Nuns, courtesans and the funding of community business

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Power to Change explores community shares and the long history of social lending
17 Mar, 2017

Ged Devlin, Programmes Manager, North West

Gen Maitland-Hudson, Head of Evaluation and Impact

“What can history tell us about financing social projects?”

Innovation has been called ‘the dominant ideology of our era’. But a relentless focus on doing things in new, ground-breaking ways can make it harder to learn from the examples of history, and build on them to support social programmes.

This is as true of social finance as it is of anything else. History is a data source just as valuable as a financial forecast. In fact, given the lows to which economic forecasting has sunk in public estimation, perhaps history is a more reliable place to look for information about how best to support the financial security of community businesses.

One thing history might be able to tell us is how intermediaries work to match lenders to borrowers. What role do they play, what skills and information do they need, what particular benefit do they bring?

This might be helpful, not least because in the current landscape of social finance the role of social lenders, Social Investment Finance Intermediaries (SIFIs) and crowdfunding is a curious one. Given the rhetoric, it can often seem as if the act of lending is more important than what might be done for social good with any borrowed money.

There is, for instance, plenty of grandiloquence about the specific brand of matchmaking provided by crowdfunding platforms. There’s no need to rehearse here the self-evident innovations in speed and accessibility provided by the internet, but aside from these features – common to all web-based projects – is crowdfunding as ground-breaking as its advocates excitably claim?

The answer is almost certainly no. It is hardly new. There are interesting historical examples, long predating the internet, of person-to-person lending that successfully bypassed the regulated banking system and effectively circulated money from those with plenty to those with less.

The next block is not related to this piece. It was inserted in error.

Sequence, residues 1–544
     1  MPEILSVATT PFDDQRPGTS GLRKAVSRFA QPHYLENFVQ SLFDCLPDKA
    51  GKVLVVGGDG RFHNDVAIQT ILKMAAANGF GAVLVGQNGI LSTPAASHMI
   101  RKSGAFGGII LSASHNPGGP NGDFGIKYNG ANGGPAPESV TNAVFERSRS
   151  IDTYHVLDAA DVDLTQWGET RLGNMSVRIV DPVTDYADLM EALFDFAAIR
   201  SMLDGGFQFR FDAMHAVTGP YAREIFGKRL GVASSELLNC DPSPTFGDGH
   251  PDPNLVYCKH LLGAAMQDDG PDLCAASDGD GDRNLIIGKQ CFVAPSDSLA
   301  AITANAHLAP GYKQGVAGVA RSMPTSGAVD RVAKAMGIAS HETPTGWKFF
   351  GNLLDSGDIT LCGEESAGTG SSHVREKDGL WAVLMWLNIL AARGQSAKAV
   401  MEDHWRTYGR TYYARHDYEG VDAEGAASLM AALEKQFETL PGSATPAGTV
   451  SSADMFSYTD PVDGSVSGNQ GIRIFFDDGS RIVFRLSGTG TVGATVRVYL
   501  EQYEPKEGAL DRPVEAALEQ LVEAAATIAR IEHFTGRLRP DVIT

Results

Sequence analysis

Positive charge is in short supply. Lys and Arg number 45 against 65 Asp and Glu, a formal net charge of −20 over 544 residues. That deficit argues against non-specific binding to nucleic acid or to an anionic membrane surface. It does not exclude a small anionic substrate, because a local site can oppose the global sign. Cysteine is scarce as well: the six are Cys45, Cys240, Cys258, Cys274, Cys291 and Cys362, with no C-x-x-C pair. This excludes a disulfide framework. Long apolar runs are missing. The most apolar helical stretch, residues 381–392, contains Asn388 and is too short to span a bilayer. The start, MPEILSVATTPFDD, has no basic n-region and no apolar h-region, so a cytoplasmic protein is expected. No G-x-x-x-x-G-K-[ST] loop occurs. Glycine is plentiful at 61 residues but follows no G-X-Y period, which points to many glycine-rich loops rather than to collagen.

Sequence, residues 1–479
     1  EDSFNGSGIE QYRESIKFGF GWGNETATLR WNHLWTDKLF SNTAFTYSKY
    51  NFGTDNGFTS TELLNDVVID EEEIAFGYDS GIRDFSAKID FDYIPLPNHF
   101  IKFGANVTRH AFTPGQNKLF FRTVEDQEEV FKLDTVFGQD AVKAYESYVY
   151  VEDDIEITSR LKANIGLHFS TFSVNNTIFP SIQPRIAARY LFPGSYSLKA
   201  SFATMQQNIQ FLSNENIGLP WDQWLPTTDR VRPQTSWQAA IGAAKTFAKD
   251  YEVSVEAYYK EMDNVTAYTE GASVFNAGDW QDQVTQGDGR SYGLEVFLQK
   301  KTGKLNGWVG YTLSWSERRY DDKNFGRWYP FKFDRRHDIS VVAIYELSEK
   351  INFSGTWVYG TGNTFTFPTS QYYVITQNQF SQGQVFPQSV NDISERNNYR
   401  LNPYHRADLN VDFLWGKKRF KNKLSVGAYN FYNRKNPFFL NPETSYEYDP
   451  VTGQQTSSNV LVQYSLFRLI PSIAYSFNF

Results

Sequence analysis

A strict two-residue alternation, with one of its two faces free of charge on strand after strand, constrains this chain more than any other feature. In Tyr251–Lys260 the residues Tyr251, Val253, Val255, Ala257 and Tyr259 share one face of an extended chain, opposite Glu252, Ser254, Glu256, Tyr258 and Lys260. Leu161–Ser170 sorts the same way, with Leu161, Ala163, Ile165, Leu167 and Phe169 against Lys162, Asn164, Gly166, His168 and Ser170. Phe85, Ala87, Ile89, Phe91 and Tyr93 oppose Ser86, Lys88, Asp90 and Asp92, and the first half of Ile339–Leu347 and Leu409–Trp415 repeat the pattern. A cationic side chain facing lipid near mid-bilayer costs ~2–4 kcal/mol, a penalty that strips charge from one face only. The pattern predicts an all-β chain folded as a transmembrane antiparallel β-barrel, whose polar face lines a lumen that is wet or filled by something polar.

One of these examples is provided by Parisian notaries of the late eighteenth century, who make a dusty set of ancestors for today’s tech entrepreneurs.

French notaries innovated their way into the financial intermediary business in a way so emergent that it might even satisfy the RSA. They provided a solution to an endemic problem in the financial market of eighteenth-century France: default.

They were able to do so because of their role drafting wills, deeds, land sales, marriage and loan contracts. This provided them with an intimate knowledge of their clients’ finances, helping them reliably match a good credit risk with a lender. They were incentivised to do this well to keep their clients loyal.

They were successful. And this wasn’t small-scale lending between members of the same families. Notaries brought together the capital that financed the building of the Palais Royal. The volume of lending that passed through their hands would make the CEOs of today’s crowdfunding platforms salivate.

A rather different, but equally emergent example of financial intermediating is provided by Irish publicans and retailers between 1968 and 1976. In a perhaps surprising episode in the history of industrial relations, Ireland’s bankers went on a series of strikes during these years. In 1970, banks closed for a full six months. Money did not, however, stop circulating. People used cheques as IOUs, and cashed them with pubs and shops, whose landlords and owners shouldered the risk of potential default.

There is something important in these examples that is worth unpicking, and which tells us about the roles and motivations of investors and intermediaries involved in person-to-person lending.

There are two models here: the notaries’ formal exchange of information and the publicans’ informal one.